• You still have to pay 2.5% for life insurance and incapacity benefit. So, you save 5.5% compared to the 8% you’d have contributed by staying in the scheme

You still have your £10k Annual Allowance that you can use for a Self-Invested Pension Plan outside USS. Mercer advises that you should almost never choose the Enhanced Opt Out. This is because the DB scheme is attractively priced, so you should stay in the scheme at least up to the DB limit of £55k.

3. Voluntary Salary Cap

This is a hybrid. You cap your salary for pension purposes at a “Voluntary Salary Cap” level that you choose, which cannot be lower than the DB threshold of £55k. Up to the VSC, you pay 8% contributions and your employer pays 18% contributions. On the difference between the VSC and your salary, you pay 2.5% to maintain death in service and incapacity benefits on your full salary, and your employer pays you 13% (because it’s saving the 18% contributions)

Let’s assume a VSC of £155k. Then, pension contributions up to £55k go into the DB section; contributions on the remaining £100k go into the DC section.

  • Benefits
    • Income upon retirement from the DB section rises by £733/year (or less if you take out tax-free cash)
    • 20% x (£155k – £55k) = £20k goes into the DC funds
  • Costs:
    • 8% contribution up to the VSC of £155k
    • 2.5% for death in service and incapacity benefit on the (£255k – £155k) = £100k excess
    • Tax on the excess contribution
      • Pension income £13,933 in DB plus £20,000 (not £40,000 due to the VSC) = £33,933. Annual Allowance stays at £10,000 (it’s based on your actual salary, not VSC). You pay tax on the excess of £23,933.
      • Less Lifetime Allowance tax upon retirement than under (1) but more than under (2).

Under (1), and under (3) up to your VSC, you can increase your 8% contribution by 1%, which is matched by your employer. This counts towards your AA and goes into the DC funds. You should almost always do this, to benefit from the employer match.

What To Do

I reiterate that I am not a financial advisor and this should not be construed as financial advice. But, in my opinion, the decision can start from a simple calculation.

For most employees, you won’t hit the Annual Allowance or Lifetime Allowance, so you stay in the scheme fully. The decision is only complex for higher earners. You should almost never consider 2, since the DB scheme is so attractive. If you consider 3, you should almost always choose a VSC of £55k and no higher. (If it’s useful to cap, it will be useful to cap all the way). Thus, the choice is: do I stay in the scheme fully, or impose a VSC of £55k?

Stay in the scheme fully. For every £1 of your salary, 20% goes into the DC funds. You pay 45% tax on this right now. Upon retirement, you draw an income from your DC funds and have to pay 45% tax. However, you can take 25% out as tax-free cash, so you only suffer 45% tax on 75% of your pot. (This tax is paid later, but will be paid on a higher amount as your funds should grow, so “time value of money” considerations should roughly wash out). Thus, every £1 of salary gives you £1 x 20% x (1 – 45%) x (1 – 45% x 75%) = 7.29p.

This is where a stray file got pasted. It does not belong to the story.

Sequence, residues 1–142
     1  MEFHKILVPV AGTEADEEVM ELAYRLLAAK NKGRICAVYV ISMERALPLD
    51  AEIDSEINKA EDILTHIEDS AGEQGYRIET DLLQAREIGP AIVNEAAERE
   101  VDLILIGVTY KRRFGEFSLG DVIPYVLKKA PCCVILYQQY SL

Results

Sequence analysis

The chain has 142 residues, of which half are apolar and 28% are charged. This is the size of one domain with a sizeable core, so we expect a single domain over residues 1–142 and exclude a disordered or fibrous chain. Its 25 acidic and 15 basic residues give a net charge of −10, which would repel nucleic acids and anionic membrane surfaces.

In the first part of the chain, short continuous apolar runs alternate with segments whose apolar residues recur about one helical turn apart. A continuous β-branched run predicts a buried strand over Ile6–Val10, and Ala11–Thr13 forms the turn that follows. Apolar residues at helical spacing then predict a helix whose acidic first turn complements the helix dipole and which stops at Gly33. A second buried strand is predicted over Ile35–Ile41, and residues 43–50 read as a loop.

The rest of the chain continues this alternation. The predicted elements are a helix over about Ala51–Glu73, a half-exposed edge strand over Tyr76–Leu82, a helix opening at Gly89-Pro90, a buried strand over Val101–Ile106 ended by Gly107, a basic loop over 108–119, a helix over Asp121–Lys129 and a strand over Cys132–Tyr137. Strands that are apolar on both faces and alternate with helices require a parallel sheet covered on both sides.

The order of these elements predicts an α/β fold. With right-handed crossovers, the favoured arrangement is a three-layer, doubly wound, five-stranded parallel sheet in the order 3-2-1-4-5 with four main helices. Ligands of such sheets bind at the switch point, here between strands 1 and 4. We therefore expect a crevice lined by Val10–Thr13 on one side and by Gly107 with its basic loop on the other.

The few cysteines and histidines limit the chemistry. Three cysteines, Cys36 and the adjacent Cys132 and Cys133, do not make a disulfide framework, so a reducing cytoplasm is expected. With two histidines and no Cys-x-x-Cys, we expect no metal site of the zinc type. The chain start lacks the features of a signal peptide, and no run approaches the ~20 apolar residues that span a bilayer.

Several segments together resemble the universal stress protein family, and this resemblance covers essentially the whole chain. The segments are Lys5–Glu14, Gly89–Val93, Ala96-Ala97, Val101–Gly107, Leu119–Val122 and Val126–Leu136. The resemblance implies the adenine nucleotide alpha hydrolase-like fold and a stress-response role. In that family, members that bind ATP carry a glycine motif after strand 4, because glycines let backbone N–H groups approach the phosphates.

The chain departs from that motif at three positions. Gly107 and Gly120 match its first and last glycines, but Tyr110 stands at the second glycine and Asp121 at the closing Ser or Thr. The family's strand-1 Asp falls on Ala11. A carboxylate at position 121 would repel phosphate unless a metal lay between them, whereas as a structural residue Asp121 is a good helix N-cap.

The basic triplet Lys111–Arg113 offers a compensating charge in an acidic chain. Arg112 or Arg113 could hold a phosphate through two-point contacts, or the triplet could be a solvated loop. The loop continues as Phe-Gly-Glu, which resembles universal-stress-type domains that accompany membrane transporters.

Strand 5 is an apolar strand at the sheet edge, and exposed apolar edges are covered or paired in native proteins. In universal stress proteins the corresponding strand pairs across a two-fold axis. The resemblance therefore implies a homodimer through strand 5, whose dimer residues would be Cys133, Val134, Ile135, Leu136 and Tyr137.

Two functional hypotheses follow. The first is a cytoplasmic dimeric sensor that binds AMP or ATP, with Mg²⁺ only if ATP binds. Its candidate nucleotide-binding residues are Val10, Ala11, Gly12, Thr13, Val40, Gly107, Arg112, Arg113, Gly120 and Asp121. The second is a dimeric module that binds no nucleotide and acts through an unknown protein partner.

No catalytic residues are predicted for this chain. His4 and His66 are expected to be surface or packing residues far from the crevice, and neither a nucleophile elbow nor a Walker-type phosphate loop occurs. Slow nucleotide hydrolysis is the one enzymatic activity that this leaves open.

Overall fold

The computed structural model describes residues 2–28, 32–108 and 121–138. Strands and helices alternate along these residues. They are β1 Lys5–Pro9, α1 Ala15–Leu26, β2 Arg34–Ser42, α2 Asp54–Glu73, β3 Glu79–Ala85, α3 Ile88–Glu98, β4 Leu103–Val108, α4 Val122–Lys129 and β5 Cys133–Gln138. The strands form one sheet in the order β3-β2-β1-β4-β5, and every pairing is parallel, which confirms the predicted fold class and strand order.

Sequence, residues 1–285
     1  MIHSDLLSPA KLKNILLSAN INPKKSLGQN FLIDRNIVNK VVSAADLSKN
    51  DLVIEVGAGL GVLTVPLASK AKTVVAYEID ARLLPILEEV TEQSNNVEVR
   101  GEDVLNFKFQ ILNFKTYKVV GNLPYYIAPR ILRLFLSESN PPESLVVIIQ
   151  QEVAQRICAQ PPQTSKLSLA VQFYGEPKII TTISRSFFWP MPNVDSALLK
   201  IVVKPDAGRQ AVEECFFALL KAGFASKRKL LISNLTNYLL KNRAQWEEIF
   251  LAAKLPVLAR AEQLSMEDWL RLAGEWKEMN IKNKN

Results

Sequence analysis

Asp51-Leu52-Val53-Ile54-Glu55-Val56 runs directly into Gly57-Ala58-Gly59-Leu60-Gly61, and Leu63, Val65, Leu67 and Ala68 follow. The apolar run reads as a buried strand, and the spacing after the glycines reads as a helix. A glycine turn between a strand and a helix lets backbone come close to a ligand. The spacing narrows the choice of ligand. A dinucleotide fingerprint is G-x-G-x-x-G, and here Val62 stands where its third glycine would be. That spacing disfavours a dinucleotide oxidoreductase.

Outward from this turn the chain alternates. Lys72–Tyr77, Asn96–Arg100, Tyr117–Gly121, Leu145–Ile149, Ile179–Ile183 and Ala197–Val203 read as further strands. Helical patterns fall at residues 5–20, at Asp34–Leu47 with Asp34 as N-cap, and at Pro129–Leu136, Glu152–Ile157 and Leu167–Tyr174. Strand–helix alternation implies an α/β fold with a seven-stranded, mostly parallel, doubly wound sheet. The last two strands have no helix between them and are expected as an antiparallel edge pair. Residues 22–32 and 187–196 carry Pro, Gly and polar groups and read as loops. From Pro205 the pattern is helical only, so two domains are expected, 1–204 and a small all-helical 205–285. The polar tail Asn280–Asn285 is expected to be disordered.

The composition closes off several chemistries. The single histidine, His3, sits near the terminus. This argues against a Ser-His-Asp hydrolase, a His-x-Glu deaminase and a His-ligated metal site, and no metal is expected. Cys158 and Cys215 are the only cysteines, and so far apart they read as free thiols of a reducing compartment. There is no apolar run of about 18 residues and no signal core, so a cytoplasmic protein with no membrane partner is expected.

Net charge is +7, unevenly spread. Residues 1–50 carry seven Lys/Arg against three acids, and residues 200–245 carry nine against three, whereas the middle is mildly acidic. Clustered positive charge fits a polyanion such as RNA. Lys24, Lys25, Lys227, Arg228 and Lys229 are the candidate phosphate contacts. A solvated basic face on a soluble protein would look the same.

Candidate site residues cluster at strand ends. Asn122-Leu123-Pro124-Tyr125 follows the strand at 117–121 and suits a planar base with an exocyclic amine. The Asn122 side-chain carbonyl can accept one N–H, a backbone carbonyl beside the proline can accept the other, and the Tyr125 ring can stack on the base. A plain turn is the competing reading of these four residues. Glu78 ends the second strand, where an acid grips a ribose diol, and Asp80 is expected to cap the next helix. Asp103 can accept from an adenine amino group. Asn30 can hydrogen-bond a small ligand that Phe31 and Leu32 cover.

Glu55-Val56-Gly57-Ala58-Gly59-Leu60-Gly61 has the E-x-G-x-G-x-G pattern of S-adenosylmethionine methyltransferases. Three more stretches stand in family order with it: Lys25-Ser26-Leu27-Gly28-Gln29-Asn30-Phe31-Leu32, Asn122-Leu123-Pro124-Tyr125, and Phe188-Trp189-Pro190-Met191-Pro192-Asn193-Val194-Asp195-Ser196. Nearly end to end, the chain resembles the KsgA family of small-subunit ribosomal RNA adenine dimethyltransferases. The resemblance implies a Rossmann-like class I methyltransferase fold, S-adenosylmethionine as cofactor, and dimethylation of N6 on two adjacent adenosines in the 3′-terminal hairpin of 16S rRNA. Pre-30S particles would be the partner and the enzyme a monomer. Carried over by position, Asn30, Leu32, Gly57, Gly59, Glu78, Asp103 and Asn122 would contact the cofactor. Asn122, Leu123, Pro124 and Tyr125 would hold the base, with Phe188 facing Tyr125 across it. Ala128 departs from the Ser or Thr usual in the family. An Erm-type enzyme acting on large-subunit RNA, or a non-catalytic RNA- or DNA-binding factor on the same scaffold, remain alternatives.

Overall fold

VSC at £55k. You save 5.5% by making pension contributions of 2.5% rather than 8% on your income above £55k. This increases your taxable income as these contributions would have come out of pre-tax income. You receive a 13% salary supplement from your employer, which is taxed. The total net gain is 18.5%. Thus, every £1 of salary gives you £1 x 18.5% x (1 – 45%) = 10.18p.

Thus, it seems a no-brainer to engage in the VSC. Essentially, 20% of your salary taxed twice (once now, once at retirement) is worse than 18.5% of your salary taxed once (now). However, there are other considerations:

  • If your tax exceeds £2,000, you can pay it out of your pension pot (known as “Scheme Pays”) rather than actually having to pay the tax with cash. This is advantageous, because you save having to pay tax on your pension pot at retirement – so now the comparison is 20% taxed once (not twice) with 18.5% taxed once. (While the money in your pension pot has already been taxed upon contribution, if you paid the tax with cash it would be from post-tax cash, so this consideration evens out). However, you don’t want to pay this out of your DB benefits, since the DB section is attractively priced. Thus, stay in the scheme fully for a few years, in order to build up enough DC funds to be able to pay tax on the excess above both Annual Allowance and Lifetime Allowance
    • In the above example, even if you VSC at £55k, you still have to pay tax on the excess of £13,933 above your AA, so it’s good to have built up DC funds to pay this
  • Having the 18.5% as cash rather than 20% in a DC pot is attractive as you can do what you like with the money. Even if you choose to invest it, you have a wider range of choice than the USS funds. (Against that, the USS funds have no Annual Management Charge, except the emerging markets fund that charges 0.15%).
  • USS has a huge deficit, and so it may default on its DB promises. If USS goes into the Pension Protection Fund (effectively a default), the actual value of pensions will be significantly lower than the promised value.

Personally (this is not advice, this is only what I am choosing to do), I will stay in the scheme for many years. This is because, due to my age, I have several decades until retirement and will likely exceed the Lifetime Allowance, so I would like to build up DC funds to pay both Annual and Lifetime tax. Then, I will VSC at £55k (or whatever the DB threshold happens to be at the time), because 18.5% taxed once (and which I can use freely) is better than 20% taxed twice. Mercer had a proprietary model calculating what year I should initiate the VSC based on my age, income etc. Your advisor should have one too.

If anything in this is inaccurate, please post a comment below. I would like this to be as accurate as possible and value all input. Thanks to many folks who’ve already corrected errors and omissions in prior drafts.